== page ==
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The Pilot’s Bookshelf: #225, “The Doughnut Boy”

A few years ago, Mike Dennis shared his philosophy of writing with me.  It seems he felt the main reason for telling a story was to bring forth one from the listener or reader. At first, that seemed foreign to me, but with time I realized that it is a noble and worthwhile pursuit.  Mike Dennis has “put his money where his mouth is” with “The Doughnut Boy”.  It is the result of his own search for the story of his father’s life, a story that was a mystery to him until years of research gradually exposed an amazing life. With the help of research assistant, Gayle Crowder, he’s told a fascinating story, not only of his father’s adventurous life, but he’s also woven his own youth into it along with tales of other relatives and acquaintances.  In this wonderful book, we will learn about the “Poulsbo Boat” and inventions that served as developmental elements to Dennis’ own growth as an inventor and engineer and finally to his own founding of Oregon Aero.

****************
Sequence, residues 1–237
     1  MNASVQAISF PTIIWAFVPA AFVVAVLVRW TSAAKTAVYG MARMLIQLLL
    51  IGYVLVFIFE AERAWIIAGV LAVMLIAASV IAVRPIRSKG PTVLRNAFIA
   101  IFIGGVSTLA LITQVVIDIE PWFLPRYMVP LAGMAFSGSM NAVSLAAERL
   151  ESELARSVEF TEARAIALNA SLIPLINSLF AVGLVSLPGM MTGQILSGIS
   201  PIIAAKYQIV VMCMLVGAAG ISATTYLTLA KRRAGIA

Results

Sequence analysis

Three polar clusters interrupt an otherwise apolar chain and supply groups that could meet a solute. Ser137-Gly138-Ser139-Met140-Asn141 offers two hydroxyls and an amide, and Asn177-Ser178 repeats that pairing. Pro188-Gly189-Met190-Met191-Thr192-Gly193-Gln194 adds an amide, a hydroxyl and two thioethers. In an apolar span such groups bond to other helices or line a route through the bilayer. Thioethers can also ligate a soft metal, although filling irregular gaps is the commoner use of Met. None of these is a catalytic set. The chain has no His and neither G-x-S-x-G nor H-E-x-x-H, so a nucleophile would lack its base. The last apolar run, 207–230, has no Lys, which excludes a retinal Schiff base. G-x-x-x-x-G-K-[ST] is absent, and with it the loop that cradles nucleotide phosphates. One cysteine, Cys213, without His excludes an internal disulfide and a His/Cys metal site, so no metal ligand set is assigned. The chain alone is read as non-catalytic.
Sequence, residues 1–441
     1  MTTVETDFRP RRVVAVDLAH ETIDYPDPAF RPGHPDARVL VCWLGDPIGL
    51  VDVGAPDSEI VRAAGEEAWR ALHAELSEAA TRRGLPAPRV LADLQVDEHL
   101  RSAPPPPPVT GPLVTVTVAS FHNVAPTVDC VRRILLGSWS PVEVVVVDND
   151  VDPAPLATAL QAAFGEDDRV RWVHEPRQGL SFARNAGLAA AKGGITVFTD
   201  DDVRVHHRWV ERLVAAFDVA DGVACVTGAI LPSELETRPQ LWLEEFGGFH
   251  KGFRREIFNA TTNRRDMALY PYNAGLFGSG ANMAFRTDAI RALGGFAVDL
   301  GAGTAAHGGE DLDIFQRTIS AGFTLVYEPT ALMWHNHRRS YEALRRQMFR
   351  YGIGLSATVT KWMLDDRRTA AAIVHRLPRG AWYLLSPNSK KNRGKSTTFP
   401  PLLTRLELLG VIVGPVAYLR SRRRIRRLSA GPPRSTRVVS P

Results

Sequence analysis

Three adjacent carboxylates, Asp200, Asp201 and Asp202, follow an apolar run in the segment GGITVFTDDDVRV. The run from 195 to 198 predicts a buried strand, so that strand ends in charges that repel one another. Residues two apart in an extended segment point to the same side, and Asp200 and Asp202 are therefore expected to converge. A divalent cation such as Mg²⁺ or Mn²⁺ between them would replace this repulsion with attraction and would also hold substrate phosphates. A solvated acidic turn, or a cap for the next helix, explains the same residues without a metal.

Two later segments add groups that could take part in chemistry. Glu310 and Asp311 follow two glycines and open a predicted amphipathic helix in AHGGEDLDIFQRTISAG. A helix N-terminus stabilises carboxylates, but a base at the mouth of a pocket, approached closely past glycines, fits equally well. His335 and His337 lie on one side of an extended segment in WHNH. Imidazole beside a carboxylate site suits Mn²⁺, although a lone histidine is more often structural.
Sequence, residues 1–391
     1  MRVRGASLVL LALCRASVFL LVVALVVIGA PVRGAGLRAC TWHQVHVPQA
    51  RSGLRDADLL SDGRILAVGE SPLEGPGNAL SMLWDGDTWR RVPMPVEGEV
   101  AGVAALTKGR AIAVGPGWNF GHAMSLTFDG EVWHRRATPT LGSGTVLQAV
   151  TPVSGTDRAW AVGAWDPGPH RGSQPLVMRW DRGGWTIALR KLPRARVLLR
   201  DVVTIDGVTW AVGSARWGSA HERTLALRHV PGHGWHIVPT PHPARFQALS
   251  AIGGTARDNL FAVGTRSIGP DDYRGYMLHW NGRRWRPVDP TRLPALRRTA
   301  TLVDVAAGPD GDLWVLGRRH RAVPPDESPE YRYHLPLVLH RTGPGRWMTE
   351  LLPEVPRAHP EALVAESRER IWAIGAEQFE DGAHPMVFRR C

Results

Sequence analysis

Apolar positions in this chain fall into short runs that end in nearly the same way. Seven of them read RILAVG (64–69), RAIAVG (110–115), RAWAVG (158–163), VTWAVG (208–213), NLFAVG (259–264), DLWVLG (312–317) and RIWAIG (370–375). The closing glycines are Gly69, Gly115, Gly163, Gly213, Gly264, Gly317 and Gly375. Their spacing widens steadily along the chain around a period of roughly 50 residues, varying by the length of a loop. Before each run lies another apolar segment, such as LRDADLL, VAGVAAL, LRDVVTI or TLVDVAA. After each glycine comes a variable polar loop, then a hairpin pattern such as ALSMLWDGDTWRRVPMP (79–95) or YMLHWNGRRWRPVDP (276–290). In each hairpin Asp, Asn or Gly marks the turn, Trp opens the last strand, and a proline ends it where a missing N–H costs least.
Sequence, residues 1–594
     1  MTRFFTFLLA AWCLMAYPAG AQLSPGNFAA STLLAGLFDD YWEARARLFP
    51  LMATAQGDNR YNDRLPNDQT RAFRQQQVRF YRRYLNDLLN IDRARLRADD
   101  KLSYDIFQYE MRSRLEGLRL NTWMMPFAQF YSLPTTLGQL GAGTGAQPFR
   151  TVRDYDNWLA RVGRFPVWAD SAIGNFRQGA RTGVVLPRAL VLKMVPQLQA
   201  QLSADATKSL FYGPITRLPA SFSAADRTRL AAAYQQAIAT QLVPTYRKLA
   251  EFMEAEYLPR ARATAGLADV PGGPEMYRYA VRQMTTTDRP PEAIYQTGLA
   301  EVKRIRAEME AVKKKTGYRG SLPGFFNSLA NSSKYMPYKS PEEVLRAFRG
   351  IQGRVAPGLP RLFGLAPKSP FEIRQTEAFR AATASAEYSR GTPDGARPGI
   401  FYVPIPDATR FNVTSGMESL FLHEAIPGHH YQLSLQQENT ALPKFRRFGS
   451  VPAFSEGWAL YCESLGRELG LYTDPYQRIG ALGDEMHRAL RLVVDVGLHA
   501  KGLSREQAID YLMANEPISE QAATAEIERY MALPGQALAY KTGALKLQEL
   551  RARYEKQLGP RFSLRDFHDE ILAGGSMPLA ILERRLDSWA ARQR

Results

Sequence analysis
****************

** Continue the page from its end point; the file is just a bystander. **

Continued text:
Mike Dennis

With his father as the central character, Mike Dennis has woven an amazing group of stories into “The Doughnut Boy”.  With “The Doughnut Boy”, Mike Dennis joins the ranks of such great writers as Robert Louis Taylor (“The Travels of Jamie McPheeters”) and Rinker Buck (“Flight of Passage”).  True to the philosophy which is essential to his writing, he has managed to remind us of the adventures of our own youth.  Perhaps his telling of the stories of he and his father will elicit some of his readers to remember their own stories.    Perhaps that was what he had in mind the whole time.

Brian Lansburgh

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